Many nights when I wake suddenly out of a bad dream or a nightmare I turn anxiously to my left and reach out to that side of the bed. In this house my wife slept on my left and my turning toward her at that moment would be an instinctive act out of fear. And that is when the nightmare of my subconscious becomes a conscious nightmare, for she is not there, sleeping to my left, and has not been there for four years and seven months.
I am alone in a six-room house. The house may as well be in the countryside. There is an old house across the road occupied by a man and his wife who I hardly ever see. There is a church on the other side of my corner lot which at night is as quiet as the graveyard that rests behind it. The next closest house is what I call a football field away, further north on the county road. Behind my house is a rocky hill and a deep thicket of woods where deer and other wild animals live. So I would call this pretty much living in a lonely countryside. Not the most comforting place to wake up alone after a bad dream or a nightmare.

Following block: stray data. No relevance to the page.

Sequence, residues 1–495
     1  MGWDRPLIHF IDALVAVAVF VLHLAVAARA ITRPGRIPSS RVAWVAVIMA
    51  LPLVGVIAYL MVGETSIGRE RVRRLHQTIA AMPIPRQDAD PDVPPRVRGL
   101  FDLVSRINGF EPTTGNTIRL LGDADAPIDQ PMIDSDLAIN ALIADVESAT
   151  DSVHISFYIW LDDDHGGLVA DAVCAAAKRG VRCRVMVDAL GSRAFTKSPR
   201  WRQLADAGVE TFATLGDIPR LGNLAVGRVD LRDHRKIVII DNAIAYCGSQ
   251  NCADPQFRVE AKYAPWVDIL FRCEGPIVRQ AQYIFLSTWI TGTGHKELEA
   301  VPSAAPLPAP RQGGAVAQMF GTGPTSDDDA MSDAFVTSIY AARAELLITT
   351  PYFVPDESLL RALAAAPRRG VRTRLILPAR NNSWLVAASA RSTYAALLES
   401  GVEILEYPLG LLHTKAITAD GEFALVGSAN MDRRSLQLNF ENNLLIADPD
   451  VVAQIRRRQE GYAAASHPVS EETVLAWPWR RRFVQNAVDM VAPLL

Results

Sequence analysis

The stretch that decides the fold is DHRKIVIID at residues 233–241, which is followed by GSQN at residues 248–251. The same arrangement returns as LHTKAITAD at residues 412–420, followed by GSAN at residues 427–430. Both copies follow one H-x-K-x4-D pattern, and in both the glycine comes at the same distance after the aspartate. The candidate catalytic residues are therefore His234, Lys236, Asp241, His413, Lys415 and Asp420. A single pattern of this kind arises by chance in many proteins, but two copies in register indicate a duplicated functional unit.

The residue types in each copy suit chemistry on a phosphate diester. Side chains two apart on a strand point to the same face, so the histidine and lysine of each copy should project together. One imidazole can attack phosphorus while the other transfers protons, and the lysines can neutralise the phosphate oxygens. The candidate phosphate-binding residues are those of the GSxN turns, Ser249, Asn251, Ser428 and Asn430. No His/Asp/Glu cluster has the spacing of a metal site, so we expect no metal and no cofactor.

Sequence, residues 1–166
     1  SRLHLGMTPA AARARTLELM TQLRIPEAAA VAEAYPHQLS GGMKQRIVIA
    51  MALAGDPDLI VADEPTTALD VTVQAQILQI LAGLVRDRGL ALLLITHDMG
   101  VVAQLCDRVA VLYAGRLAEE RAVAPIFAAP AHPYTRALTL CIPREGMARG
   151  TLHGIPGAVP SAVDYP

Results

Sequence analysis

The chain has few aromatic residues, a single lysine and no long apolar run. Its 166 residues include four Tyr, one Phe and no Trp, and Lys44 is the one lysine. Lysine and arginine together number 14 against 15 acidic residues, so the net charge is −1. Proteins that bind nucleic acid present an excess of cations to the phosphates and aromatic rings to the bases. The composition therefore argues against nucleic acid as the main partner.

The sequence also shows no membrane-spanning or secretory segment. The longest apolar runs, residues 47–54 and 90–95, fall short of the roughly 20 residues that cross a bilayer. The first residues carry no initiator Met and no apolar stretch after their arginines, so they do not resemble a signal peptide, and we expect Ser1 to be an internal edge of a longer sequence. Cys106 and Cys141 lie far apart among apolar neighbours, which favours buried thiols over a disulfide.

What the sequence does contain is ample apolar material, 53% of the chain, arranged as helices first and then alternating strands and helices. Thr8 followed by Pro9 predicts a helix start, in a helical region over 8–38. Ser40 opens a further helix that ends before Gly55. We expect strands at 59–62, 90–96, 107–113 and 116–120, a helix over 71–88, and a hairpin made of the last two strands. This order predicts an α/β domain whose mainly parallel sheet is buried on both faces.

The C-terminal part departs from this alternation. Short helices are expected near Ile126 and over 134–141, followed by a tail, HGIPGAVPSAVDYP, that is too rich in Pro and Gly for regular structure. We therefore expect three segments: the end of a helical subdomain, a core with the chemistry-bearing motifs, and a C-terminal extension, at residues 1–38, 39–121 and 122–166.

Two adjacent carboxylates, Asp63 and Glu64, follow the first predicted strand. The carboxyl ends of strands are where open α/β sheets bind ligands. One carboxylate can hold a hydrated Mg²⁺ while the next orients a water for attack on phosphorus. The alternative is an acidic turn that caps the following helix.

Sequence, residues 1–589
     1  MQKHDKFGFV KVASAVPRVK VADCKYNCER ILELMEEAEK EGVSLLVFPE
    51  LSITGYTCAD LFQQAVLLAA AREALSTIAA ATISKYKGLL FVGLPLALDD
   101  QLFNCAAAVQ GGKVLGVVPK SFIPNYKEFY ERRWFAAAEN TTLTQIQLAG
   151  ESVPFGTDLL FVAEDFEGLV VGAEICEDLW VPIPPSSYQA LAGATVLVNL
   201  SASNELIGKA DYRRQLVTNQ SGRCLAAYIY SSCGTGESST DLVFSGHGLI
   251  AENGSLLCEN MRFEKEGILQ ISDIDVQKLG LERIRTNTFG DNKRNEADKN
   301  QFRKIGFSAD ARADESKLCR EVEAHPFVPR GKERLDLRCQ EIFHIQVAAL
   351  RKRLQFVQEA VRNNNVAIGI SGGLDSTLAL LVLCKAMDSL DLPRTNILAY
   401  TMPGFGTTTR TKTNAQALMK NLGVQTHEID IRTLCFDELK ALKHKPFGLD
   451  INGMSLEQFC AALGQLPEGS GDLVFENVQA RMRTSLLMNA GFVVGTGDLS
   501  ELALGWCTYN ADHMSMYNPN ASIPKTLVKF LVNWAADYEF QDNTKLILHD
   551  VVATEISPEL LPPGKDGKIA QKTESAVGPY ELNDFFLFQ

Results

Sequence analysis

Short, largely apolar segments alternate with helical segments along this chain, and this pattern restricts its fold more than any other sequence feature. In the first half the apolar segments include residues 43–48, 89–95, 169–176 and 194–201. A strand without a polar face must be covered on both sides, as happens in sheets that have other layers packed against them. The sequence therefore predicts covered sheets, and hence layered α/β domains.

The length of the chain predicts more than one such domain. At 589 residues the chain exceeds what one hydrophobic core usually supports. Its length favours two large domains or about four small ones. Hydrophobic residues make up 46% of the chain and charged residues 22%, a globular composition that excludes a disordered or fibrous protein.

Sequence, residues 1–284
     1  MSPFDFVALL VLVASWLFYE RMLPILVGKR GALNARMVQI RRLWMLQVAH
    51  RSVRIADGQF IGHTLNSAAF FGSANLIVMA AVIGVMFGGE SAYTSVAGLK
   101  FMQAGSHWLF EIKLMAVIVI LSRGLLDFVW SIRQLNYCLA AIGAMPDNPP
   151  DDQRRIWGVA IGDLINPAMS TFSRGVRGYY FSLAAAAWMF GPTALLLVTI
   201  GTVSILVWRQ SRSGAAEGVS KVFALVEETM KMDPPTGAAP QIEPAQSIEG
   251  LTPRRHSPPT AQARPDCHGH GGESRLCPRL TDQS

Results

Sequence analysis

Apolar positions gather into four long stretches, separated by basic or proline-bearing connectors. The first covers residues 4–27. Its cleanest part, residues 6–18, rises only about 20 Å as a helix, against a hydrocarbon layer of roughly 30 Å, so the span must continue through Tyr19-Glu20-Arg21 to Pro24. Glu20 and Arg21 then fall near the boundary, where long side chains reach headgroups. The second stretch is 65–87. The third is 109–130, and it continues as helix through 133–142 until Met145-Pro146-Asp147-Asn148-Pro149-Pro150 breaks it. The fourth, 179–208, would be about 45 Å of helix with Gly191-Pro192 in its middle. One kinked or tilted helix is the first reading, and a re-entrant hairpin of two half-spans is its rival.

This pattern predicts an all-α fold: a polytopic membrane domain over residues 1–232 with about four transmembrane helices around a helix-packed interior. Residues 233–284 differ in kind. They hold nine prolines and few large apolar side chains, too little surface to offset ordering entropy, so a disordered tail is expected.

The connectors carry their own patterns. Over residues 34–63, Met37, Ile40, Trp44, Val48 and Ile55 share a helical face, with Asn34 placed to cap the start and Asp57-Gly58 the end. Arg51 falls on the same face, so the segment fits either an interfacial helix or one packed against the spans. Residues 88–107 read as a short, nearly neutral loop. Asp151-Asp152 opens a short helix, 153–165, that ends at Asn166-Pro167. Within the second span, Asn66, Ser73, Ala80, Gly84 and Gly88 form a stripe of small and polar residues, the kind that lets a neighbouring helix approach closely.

There is a cat in the house, who often sleeps on the end of the bed, which is company of the four-legged kind, but on these warm nights she sleeps on the cooler fabric of a sofa in the living room at the other end of the house.
There is not a sound in the house, and on these warm nights the windows are open to the dead silence of the outside world. Graveyard and all. All of which adds up to a lonely place. Without a wife. Sleeping to my left. When I wake suddenly out of a bad dream or a nightmare.